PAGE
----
Some of the sandstone to be used in the rehabilitation of Calgary's crumbling old city hall will be coming from across the Atlantic Ocean.
CBC News has confirmed the city is buying sandstone from suppliers in Poland and Spain as well as the U.S. for the $34-million project.
Last fall, city council passed a motion asking the city to examine re-opening a sandstone quarry in the Calgary area for the project.
Several quarries provided the original sandstone for the historic building, which opened in 1911.
Coun. Gian-Carlo Carra said that option was examined but the conclusion was that it's not going to work — at least not on the timeframe the old city hall project is on.
The former quarry in Edworthy Park was deemed to be the best potential site. But there are complications.
Carra said the Edworthy family donated the land to the city with the proviso it remain a park forever. To ensure that continues in perpetuity, the family also retained the mineral rights for the land.
Initial discussions were held but Carra said it wasn't going to be an easy deal to reach, if ever.
"It was going to be a bridge too far unless the city made some moves. And the city has made some moves and it still remains slightly a bridge too far because of those two things," said Carra.
Cheaper than local
Despite going off-shore and to the U.S. for its sandstone needs, the city says the cost will actually be cheaper than trying to find stone locally.
"I'm told that we're not going to be able to tell the difference between local stuff and ... so ... I guess that's the way it's going to have to be," Carra said.
The foreign content will be significant. There are over 15,000 pieces of sandstone on old city hall.
Even if local sandstone could be found, Mayor Naheed Nenshi said it would still have to be shipped somewhere else to be processed.
"It does make me sad," he said about the lack of local material being used.
"The fossils will be different in terms of what's in there. But our No. 1 priority is restoring that beautiful, historical building — that really important part of Calgary's tradition — and doing it quickly and cost efficiently."
The city says it will pay $3 million to the three foreign suppliers but no further breakdown or information about the companies is being provided at this time.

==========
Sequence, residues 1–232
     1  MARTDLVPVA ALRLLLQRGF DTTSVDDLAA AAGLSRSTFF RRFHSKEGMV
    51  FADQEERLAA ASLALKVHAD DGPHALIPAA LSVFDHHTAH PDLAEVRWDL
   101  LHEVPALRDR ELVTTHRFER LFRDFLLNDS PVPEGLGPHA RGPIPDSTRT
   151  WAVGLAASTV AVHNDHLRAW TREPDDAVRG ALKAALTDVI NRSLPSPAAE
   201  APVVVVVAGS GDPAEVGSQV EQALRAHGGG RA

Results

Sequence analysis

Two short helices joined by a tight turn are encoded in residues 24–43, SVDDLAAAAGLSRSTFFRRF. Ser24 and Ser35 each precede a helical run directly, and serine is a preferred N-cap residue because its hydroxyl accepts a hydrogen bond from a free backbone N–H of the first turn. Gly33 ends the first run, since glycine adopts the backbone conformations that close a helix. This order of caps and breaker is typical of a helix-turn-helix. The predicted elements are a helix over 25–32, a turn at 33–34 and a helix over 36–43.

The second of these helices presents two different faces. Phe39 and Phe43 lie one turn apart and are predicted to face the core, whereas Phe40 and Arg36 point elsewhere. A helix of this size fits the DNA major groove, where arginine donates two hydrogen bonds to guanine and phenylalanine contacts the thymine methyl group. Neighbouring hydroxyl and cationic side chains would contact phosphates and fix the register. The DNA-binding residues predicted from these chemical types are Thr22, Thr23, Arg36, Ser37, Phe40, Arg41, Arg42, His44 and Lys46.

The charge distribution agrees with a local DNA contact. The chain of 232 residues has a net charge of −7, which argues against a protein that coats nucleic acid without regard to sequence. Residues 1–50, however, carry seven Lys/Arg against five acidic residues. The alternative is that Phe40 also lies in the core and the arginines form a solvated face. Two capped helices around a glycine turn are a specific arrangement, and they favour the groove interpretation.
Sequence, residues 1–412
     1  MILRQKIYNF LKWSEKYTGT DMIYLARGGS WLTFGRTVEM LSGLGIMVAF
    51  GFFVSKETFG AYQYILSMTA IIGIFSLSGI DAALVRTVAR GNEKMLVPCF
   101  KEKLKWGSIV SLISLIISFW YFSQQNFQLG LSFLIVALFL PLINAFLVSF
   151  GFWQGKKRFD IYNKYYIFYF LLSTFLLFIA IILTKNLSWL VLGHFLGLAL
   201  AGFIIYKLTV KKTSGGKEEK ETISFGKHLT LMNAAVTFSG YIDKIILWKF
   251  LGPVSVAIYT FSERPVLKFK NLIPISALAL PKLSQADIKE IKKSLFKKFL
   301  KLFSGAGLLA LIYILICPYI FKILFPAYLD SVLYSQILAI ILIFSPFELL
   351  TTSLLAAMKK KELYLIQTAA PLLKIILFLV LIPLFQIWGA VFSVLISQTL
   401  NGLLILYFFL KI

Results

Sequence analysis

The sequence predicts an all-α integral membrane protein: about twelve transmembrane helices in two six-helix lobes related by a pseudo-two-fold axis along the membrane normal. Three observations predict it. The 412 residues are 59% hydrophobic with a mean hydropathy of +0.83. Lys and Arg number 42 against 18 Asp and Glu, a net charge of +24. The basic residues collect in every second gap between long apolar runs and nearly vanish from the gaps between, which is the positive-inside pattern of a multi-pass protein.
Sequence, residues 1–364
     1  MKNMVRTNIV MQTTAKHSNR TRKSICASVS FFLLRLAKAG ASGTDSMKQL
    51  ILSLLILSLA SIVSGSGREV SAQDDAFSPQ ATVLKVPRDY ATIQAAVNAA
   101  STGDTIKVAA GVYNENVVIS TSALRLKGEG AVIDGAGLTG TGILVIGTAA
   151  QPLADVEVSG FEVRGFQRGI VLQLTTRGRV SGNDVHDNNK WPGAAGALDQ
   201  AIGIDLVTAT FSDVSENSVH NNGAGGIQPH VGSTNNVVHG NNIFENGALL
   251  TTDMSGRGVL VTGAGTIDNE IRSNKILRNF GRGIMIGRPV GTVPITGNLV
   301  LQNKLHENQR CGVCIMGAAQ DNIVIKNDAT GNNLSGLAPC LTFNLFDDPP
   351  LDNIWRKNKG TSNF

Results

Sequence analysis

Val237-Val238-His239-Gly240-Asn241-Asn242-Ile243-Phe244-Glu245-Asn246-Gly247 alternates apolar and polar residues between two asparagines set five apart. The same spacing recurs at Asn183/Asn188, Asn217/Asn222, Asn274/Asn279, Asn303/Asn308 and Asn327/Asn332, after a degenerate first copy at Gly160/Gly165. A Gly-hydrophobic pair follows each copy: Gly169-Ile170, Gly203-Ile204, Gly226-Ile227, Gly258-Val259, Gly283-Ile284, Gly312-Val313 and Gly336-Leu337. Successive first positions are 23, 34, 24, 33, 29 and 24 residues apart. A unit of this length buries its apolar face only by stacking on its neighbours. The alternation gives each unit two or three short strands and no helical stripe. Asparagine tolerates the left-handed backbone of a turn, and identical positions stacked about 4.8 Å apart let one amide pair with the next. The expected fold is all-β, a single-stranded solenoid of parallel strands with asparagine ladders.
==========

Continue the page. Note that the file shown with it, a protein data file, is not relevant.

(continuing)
According to the city, the criteria for selecting suppliers was based on six equally-weighted requirements.
They are: price, technical fit, laboratory documentation, colour-calibrated photography, physical samples and cutting services.
It's actually not that unusual to mix stone from different parts of the world on a particular project.
'All about getting the right match'
Shawn Thibault, director of conservation for Ravenstone Masonry Conservation Inc. in Victoria, said it's all about getting the right match.
"To go and find a stone that's maybe not local but has all the same characteristics of the stone that is there, is really important. So to find a stone with that vein and stain or in the States or wherever it may be, it may be a better match than something that could be considered local," said Thibault.
But an equally important consideration besides finding the right stone is to install it correctly and look after the building, Thibault added.
"Even if it is the perfect match, if we don't do all the rest of that system correctly, i.e. we use the wrong mortars or decide to seal the stone or something like that, then we run the risk of damaging the stone that was good to begin with."
After the restoration project, Thibault said it's also important the city do what it can to prevent water from unnecessarily flowing onto the porous sandstone and keep things like salt from near-by concrete from touching the building.
Rather than be worried about where the sandstone is coming from, a local heritage group says the important thing is that the city is looking after a historically-significant Calgary landmark.
Landmark preservation also important
Cynthia Klassen is a past-president of the Calgary Heritage Initiative. She said it's understandable the city looked elsewhere for sandstone given that it would be challenging to re-open any of the old Calgary quarries due to the city having grown around them.
"So re-opening them and creating new industrial sites of that intensity in the middle of a city isn't something that we would be able to entertain currently," said Klassen. "It is an interesting conundrum that we find ourselves in."
But that said, Klassen isn't bothered that European and American sandstone will soon be part of old city hall.
"I don't see that as a big deal because the alternative would be to tear down old city hall and replace it with another glass and steel structure, similar to what we have all over downtown," said Klassen.
Carra plans to keep pushing the city's administration to find a local quarry solution because he says there are other sandstone buildings in Calgary that will need additional stone in the future.
Old city hall is expected to remain a construction site until mid-2020.
It has been designated as a legally protected heritage building by the city as well as by the federal and provincial governments.
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